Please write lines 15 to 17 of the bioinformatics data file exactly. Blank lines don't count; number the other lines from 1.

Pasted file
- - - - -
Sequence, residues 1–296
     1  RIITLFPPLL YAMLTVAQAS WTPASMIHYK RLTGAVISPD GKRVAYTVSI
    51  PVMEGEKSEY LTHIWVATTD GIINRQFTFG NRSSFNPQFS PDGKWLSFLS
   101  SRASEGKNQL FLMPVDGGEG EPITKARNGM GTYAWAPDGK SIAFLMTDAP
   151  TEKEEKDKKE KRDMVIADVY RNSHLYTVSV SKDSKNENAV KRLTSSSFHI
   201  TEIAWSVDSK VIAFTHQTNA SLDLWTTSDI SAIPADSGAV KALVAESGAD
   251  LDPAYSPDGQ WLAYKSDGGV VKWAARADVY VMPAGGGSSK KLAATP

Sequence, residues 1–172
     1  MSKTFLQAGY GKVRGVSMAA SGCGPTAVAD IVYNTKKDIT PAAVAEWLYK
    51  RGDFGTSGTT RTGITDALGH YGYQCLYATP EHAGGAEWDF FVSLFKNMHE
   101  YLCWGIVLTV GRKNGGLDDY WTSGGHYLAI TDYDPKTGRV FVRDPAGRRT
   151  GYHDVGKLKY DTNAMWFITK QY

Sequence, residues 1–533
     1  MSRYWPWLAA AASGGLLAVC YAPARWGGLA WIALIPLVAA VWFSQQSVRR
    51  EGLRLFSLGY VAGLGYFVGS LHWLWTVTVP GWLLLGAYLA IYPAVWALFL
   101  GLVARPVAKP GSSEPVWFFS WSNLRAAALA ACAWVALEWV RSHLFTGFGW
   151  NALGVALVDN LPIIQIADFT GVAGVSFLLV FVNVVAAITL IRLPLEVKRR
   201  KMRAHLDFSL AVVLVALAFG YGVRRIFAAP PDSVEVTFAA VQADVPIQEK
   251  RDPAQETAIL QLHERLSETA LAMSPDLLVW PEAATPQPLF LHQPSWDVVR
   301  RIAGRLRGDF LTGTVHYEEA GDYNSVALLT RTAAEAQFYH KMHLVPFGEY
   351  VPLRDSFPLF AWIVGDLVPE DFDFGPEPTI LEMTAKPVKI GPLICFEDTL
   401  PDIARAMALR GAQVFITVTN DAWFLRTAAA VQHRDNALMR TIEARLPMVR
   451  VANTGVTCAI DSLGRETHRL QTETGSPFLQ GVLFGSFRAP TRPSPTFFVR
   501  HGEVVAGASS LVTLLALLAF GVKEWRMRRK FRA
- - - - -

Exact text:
    51  EGLRLFSLGY VAGLGYFVGS LHWLWTVTVP GWLLLGAYLA IYPAVWALFL
   101  GLVARPVAKP GSSEPVWFFS WSNLRAAALA ACAWVALEWV RSHLFTGFGW
   151  NALGVALVDN LPIIQIADFT GVAGVSFLLV FVNVVAAITL IRLPLEVKRR